Rome Travel Guide

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Wednesday, April 13, 2011

Home of the playwright: Pirandello's studio and home in Rome - home in Rome series 3

Pirandello's bedroom
The third and last of our homes of the famous-in-Italy you can visit is Luigi Pirandello’s home near Villa Torlonia, northwest of the city center.

Pirandello, most noted for his masterpiece play, Seven Characters in Search of an Author, won the Nobel prize in 1934, while still a fascist, hough his ties to Fascism are somewhat tenuous. There have been multiple interpretations of his statement “I am a fascist because I am an Italian.”

Pirandello lived only 3 years in this home - the last 3 years of his life. . His apartment, which includes his studio and other artifacts, feels untouched since the day he died here on December 10, 1936.  Although Pirandello's home has an authenticity that Goethe's--as a functioning museum--lacks, one has to use imagination here to reconstruct Pirandello’s uninterrupted view from his terrace to Villa Torlonia.

across the terrace - but Villa Torlonia is not visible
The atmospherics of this home and studio (and our fascination with both Seven Characters and Pirandello’s Henry IV) make it a fantastic visit, especially for anyone who loves literature.

The web site for the studio and foundation has one section in English – if you scroll down the left bullet points you’ll see “Abstract of this site in English.” The link should take you directly there.  And, if you really can’t get to the home in person, there are lots of photos on the site under “Immagini” and a video under “Lo Studio.”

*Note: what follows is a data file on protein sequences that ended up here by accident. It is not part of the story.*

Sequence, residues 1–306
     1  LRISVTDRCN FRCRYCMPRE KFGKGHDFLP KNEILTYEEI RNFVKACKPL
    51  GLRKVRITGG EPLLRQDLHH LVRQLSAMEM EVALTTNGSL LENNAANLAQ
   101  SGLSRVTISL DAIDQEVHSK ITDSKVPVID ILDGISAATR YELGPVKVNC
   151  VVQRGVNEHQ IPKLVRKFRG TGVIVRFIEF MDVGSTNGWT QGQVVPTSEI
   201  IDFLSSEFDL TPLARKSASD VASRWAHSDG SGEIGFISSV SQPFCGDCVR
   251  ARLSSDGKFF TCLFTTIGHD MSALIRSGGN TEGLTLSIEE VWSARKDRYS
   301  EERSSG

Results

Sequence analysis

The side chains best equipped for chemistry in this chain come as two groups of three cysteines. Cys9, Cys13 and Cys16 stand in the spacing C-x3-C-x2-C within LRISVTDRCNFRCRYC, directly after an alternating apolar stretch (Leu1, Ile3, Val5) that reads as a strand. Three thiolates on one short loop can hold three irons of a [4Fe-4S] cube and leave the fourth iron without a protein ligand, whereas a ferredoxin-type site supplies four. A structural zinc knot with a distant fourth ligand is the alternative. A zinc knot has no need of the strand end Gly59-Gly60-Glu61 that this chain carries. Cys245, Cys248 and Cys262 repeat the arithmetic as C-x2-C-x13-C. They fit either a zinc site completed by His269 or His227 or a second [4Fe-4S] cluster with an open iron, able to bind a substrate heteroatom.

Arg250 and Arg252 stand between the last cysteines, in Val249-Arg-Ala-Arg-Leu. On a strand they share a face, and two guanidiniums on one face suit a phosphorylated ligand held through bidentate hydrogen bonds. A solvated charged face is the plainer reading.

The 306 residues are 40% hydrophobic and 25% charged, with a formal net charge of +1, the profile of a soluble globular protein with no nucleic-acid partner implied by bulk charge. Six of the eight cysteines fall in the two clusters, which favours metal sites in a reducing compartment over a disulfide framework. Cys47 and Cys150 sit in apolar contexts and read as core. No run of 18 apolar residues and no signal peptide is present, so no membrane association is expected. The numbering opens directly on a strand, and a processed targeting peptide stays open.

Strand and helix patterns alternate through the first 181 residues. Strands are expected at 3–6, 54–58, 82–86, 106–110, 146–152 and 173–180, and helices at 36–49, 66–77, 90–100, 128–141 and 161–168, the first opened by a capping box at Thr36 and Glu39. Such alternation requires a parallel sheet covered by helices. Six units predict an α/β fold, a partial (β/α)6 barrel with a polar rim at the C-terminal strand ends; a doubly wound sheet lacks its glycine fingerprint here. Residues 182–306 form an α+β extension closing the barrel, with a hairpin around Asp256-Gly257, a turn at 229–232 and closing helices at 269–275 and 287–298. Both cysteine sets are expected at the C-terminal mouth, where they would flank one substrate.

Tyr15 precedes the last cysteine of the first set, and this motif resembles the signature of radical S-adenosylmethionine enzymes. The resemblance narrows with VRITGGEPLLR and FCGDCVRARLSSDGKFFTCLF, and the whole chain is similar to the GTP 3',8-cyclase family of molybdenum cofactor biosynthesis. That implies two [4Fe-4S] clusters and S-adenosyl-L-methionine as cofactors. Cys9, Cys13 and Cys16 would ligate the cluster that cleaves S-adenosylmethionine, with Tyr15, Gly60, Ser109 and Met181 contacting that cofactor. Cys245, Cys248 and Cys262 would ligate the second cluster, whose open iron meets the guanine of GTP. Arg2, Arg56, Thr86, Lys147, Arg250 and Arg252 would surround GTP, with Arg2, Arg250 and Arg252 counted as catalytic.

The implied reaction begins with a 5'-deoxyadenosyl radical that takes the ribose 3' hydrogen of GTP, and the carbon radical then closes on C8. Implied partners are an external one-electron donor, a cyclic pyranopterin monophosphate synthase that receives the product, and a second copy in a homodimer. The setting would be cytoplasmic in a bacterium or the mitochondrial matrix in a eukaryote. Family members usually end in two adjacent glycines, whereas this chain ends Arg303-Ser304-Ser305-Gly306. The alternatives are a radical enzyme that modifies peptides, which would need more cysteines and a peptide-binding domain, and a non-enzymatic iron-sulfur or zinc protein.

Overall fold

For a biography of Pirandello, see the one on the Nobel Prize website.

We also note his son, Fausto, was a very good painter of the 20th century whose works are in many collections in Rome, including at the state modern art gallery, Galleria Nazionale d’Arte Moderna in back of the Villa Borghese.

The playwright at work
Pirandello’s home is on Itinerary 8, taking off from Piazza Bologna (Metro B stop) in Rome the Second Time. The website lists longer days and hours than in our book. Whenever you go, you’re taking a chance as to whether it’s open or not. And, it’s still free. Listed hours: Monday and Thursday 9-2 and other weekdays (only) 9-6. Via Antonio Bosio, 13 B – 15.

You can try emailing or calling for more up-to-date information. Telephone: 39.06.4429.1853, email:


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